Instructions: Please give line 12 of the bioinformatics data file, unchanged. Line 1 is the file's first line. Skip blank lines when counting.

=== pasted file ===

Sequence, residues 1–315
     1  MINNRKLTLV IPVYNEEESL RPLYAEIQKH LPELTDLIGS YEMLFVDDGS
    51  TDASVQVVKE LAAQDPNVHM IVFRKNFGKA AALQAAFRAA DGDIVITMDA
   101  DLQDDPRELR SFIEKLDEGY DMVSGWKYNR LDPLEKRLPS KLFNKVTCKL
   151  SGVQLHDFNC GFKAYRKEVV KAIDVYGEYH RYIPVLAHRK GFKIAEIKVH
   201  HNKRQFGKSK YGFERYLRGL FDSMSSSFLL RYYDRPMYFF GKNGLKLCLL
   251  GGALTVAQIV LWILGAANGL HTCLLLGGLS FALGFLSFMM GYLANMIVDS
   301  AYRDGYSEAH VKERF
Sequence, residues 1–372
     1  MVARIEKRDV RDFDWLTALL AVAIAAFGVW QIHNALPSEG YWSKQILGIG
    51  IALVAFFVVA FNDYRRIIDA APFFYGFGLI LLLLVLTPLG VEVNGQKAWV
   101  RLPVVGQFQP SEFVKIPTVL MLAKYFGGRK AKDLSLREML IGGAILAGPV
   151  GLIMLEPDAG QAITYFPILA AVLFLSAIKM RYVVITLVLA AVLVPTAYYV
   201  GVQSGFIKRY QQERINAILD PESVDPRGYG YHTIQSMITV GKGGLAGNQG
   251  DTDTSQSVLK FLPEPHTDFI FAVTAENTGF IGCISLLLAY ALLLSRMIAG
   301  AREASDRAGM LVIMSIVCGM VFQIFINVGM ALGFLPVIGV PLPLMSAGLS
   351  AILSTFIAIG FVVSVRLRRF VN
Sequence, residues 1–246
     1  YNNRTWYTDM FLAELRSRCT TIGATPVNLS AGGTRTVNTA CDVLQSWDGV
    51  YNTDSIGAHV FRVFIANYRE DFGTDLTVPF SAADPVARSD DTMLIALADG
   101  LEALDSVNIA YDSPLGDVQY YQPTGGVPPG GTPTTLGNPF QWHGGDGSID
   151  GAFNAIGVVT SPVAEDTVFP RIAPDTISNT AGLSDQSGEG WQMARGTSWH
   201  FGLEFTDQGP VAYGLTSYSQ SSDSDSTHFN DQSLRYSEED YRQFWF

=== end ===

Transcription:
   101  RLPVVGQFQP SEFVKIPTVL MLAKYFGGRK AKDLSLREML IGGAILAGPV